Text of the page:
I mentioned earlier a special sort of externality called a pecuniary externality, one that imposes no net cost, since the effects on other people cancel out.Read more at location 644
Note: COMPETIZIONE Edit
The implication of the argument is that my neighbor ought not to be able to collect damages from me for the reduction in the price of his house. Competition should not be, and is not, a tort.Read more at location 648
Note: RISASRCIMENTO DANN Edit
A clever—and mischievous—reader might suggest extending the argument from competition to theft.Read more at location 651
Note: FURTO Edit
Does it follow that, just as competition ought not to be a tort, theft ought not to be a crime?Read more at location 653
Note: NET COST Edit
Picking pockets is not a costless activity; it involves time, training, and a variety of risks.Read more at location 656
Note: RUBARE COSTA Edit
So far we have omitted the cost to the victims of their precautions—soreRead more at location 668
Note: COSTI PSICOLOGICI E DI ANTIFURTO Edit
The general term for this phenomenon is “rent seeking.” It occurs when there is an opportunity for people to spend resources transferring wealth from others to themselves.Read more at location 670
Note: CHI CSMPA SUI COSTI DI TRASFERIMENTO Edit
The term was coined to describe competition for government favors—in the original example import permits that permitted the holders to buy foreign currency at an artificially cheap price.Read more at location 676
Note: UN ESEMPIO Edit
For a somewhat less clear example, consider litigation. Each side is spending money on lawyers, expert witnesses, and the like in order to increase its chance of winning the case. The plaintiff is spending money to increase the chance of a transfer from the defendant to him, the defendant to decrease it. The transfer itself is neither a net gain nor a net loss; the expenditures on litigation are a net loss.Read more at location 682
Note: ESEMPIO TRIBUNALI Edit
Getting It Wrong: Fraud on the Market SuitsRead more at location 689
Note: T Edit
The CEO of a company gives an optimistic speech. Six months later the newest product turns out to be a flop, and the company’s stock falls. An enterprising lawyer files a class action suit on behalf of everyone who bought stock in the company between the speech and the stock drop. His argument is that the speech, by omitting relevant facts that might have led to a more pessimistic conclusion, fraudulently induced people to buy the stock for more than it was worth and that the company should therefore make up their losses.Read more at location 690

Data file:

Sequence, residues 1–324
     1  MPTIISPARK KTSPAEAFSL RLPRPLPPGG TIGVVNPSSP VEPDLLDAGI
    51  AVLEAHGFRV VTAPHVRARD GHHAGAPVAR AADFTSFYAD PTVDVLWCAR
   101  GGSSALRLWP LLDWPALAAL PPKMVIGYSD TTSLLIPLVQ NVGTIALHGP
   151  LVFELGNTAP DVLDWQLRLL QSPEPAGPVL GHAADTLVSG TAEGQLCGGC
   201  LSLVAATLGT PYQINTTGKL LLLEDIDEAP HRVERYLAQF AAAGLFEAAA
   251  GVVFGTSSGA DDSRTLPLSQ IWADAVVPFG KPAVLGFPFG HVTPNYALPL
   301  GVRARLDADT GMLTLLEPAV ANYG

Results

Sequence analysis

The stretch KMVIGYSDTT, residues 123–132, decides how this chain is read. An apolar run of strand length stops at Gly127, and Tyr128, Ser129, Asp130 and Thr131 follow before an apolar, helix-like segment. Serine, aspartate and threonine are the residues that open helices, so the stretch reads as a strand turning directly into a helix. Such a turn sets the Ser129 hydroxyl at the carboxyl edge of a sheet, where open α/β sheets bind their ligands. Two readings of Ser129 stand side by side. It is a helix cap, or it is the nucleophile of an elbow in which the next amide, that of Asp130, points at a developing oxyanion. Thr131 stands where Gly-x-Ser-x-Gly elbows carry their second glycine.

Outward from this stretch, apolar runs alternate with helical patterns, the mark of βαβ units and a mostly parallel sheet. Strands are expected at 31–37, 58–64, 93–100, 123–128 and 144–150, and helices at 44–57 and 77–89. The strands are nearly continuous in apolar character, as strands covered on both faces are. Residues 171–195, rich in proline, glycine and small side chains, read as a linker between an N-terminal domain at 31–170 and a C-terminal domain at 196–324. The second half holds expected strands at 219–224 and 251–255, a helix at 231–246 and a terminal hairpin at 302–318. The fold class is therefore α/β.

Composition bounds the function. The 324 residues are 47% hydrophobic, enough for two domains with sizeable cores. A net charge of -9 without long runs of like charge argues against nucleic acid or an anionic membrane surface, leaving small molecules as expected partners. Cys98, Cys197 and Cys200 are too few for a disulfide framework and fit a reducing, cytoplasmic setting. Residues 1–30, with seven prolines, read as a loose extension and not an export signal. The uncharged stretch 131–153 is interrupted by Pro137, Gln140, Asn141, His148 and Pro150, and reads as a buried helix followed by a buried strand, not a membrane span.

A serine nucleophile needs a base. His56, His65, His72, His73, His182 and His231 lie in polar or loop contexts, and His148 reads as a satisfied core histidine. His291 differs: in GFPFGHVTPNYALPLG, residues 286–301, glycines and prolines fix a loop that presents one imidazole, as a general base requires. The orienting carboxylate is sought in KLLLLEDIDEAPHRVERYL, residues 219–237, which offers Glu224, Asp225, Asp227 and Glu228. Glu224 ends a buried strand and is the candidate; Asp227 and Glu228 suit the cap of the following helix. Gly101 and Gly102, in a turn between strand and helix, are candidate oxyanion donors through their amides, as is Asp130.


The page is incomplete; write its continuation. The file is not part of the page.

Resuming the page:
Note: ESEMPIO DI FRODE Edit
There are a number of problems with the theory underlying such suits. CEOs are no more omniscient than anyone else, making it a considerable stretch to treat an optimistic statement that turns out to be wrong as actionable fraud.Read more at location 696
Note: Oggi SCIENZA DEI CEO Edit
Customers are free to decide for themselves whose predictions to believe.Read more at location 698
Note: CLIENTI LIBERI Edit
One problem particularly relevant to this chapter has to do with the calculation of damages. Even if we concede that the speech was deliberately fraudulent, liability ought to depend on net damage done.Read more at location 699
Note: CALCOLO DEL DANNO NETTO Edit
Suppose I bought a share from you for a hundred dollars and it later fell to fifty. If the speech (and my purchase) had not been made, the stock would still have gone down; the only difference is that you, rather than I, would have been holding it.Read more at location 701
Note: DANNO NETTO ZERO Edit
We get a net externality only if I bought the stock from the CEO, making the effect of his speech a transfer from him to me and converting the situation from pecuniary externality to rent seeking.Read more at location 704
Note: L UNOCA VERA ESTERNALITÀ Edit
Note: DA ESTERNALITÀ MONEYARIA A RENMT SEEKING Edit
One result is to penalize executives for making predictions that might turn out to be wrong, thus reducing the total amount of information available to investors. Another is to divert real resources from producing useful goods and services to producing litigation.Read more at location 707
Note: I DANNI REALI E FALSI DRLLE FRODI Edit
Defenders of that theory might—and sometimes do—argue that even if the damage payment is unrelated to the actual damage done, it provides injured stockholders an incentive to sue and thus deters fraudulent statements by corporate executives.Read more at location 709
Note: RISPOSTA Edit
One might, on similar grounds, argue that since we want to deter illegal parking, anyone who finds an illegally parked vehicle should be allowed to claim it for his own. What we want, here as in many other cases, is not an incentive but the right incentive,Read more at location 712
Note: CONTRORISPOSTA. PARCHEGGI Edit
Note: NON UN INCENTIVO MA IL GIUSTO INCENTIVO Edit